This will solve one of our Major Helicopter Build Problems: How do the features of objects get automatic defined so we can write constraints between them?
Objects are collection of slots representing either attributes or techniques to be performed by Work Orders. Specific helicopter builds constructed by instances of predefined functional systems create instances of specific objects & define multiple constraints that relate the functional & spatial attributes composing the helicopter build process.
Availability, Execution & Work Certification is the Feedback Piece of Equipment Status Updates. At the end of the contract assessments we certify the work we did to achieve quality build projects and make sure we completed all the work orders we said we were going to do at the beginning of the process if something happened over the course of the job—for one reason or another—that we need to catalog & Track.
As if we didn’t have enough shit to deal with, the Maintenance/Logistics guidance for the Helicopter Builds provided to us was usually a day late & dollar short—both too general as well as conflicting-- often at odds with directives from command & even established technical manuals. Which assessments were Correct? Many of the issues involved in our work orders could be debated by seasoned engineers & specialists, yet we were forced to make decisions on –the-fly.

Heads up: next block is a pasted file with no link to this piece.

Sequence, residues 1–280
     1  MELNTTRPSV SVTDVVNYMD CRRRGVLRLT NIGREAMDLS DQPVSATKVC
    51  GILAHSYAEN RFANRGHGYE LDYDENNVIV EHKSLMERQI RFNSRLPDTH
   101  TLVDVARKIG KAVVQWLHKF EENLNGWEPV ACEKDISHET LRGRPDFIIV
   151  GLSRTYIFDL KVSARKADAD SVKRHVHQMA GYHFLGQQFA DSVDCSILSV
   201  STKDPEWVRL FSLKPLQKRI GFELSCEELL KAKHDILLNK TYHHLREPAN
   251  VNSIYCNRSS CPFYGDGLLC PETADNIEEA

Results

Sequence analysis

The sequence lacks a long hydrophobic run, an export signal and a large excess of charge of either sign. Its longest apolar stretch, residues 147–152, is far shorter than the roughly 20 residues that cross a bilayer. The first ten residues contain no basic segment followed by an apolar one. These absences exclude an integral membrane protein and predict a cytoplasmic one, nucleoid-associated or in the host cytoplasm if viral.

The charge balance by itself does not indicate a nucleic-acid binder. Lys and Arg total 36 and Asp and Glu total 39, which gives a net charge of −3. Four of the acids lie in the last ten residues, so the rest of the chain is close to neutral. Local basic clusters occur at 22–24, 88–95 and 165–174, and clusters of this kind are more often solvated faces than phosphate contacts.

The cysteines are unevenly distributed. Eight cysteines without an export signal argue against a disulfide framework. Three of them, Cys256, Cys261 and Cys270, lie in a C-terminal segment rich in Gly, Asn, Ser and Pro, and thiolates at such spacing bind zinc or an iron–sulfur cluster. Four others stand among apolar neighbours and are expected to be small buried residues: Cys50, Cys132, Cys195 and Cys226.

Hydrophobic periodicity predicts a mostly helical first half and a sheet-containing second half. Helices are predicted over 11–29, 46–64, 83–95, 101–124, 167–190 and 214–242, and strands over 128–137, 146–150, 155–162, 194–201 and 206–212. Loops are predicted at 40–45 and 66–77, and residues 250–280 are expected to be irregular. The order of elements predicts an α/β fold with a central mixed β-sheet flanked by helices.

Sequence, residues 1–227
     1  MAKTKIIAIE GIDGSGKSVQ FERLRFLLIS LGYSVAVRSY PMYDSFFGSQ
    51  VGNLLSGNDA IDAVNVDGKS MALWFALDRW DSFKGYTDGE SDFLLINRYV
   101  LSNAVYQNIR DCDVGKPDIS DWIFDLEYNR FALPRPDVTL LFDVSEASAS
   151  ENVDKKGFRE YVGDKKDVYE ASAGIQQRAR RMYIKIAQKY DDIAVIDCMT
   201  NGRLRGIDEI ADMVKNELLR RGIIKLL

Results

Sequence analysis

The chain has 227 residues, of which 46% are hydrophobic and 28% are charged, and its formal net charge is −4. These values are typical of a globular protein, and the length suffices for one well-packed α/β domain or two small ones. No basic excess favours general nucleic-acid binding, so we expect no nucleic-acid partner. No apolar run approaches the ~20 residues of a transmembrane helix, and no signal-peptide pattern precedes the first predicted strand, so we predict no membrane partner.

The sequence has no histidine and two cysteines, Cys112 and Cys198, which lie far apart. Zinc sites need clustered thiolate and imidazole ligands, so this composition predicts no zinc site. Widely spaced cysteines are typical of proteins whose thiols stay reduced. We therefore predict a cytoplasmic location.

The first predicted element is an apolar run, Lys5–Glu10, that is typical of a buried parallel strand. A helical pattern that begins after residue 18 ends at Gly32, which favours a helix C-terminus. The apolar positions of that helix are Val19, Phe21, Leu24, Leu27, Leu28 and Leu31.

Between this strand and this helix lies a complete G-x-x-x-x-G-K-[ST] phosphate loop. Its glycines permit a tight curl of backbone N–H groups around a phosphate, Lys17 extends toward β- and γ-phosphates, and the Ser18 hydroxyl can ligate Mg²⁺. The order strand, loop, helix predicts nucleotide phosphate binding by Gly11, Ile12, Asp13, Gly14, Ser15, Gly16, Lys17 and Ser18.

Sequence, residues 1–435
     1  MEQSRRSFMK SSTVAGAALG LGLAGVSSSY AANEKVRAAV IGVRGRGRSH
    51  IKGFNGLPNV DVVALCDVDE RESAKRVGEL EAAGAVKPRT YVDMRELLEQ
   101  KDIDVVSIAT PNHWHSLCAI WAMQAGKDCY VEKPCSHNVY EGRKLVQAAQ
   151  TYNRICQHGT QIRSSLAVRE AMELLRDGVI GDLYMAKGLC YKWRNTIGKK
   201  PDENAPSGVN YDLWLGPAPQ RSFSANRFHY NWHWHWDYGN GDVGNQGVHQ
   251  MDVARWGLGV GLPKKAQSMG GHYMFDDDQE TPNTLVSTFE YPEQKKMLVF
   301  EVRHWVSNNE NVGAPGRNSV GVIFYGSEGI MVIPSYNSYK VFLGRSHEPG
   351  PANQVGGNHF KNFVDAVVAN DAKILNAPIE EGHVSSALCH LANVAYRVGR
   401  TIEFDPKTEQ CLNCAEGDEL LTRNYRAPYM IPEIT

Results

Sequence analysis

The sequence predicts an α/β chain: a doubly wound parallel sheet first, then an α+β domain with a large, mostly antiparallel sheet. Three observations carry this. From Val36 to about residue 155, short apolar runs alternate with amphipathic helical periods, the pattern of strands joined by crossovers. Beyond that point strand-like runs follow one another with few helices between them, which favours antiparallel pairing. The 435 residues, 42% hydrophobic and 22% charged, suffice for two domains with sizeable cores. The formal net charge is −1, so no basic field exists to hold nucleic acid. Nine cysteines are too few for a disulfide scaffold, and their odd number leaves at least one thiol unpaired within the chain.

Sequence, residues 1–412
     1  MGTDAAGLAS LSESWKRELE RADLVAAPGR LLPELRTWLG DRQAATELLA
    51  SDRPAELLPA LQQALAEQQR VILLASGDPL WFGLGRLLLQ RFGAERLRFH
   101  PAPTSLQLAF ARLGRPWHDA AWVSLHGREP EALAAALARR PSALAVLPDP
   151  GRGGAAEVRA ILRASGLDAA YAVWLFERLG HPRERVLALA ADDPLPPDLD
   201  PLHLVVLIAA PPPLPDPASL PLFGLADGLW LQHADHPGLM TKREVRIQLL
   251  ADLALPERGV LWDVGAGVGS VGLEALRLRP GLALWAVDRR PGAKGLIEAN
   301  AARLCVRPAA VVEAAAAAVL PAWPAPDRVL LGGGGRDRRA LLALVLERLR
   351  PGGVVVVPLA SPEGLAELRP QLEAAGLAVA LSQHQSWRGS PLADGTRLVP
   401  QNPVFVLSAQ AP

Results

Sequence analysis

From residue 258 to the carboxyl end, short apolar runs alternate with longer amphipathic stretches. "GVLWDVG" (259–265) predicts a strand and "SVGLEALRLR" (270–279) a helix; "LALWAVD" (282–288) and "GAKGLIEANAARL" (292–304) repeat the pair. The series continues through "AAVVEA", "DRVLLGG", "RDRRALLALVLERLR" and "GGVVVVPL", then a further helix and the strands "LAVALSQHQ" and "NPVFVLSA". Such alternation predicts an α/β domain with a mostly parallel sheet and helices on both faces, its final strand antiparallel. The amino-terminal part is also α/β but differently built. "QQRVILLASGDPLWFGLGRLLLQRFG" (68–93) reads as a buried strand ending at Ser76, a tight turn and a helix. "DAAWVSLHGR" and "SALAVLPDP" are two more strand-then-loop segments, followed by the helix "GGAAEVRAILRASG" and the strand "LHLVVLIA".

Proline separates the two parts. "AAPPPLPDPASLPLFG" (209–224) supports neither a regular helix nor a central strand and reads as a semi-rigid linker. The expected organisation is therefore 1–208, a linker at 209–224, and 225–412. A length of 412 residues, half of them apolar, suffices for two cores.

Dispatchers are actively engaged in working with Navy to convert existing equipment supply contracts into performance-based standards. Dispatchers strive to clearly describe our basic efforts in terms of measured mission service outputs such as "what, when, where, how many & how well" work order tasks are to be assessed.
Some repair/upgrade overhaul activities occur at time intervals ranging from several months to several years. For primary systems e.g., aircraft, tracked vehicles & ships on work orders, costs should be included in estimates for the years in which they are expected to occur, accompanied by documentation on the cost per event & time interval between overhaul events.
Costs of major fleet mission items that have different repair/upgrade overhaul sequences i.e., structural subsystems such as hull, frame, or airframe; power subsystems such as engines or drive train & electronic/mechanical subsystems such as fire control system, armaments, guidance, or command & control equipment should be estimated & identified separately within work order elements. In some cases, the interval between end item overhauls may be expressed on work orders in terms of system operating hours, not calendar time.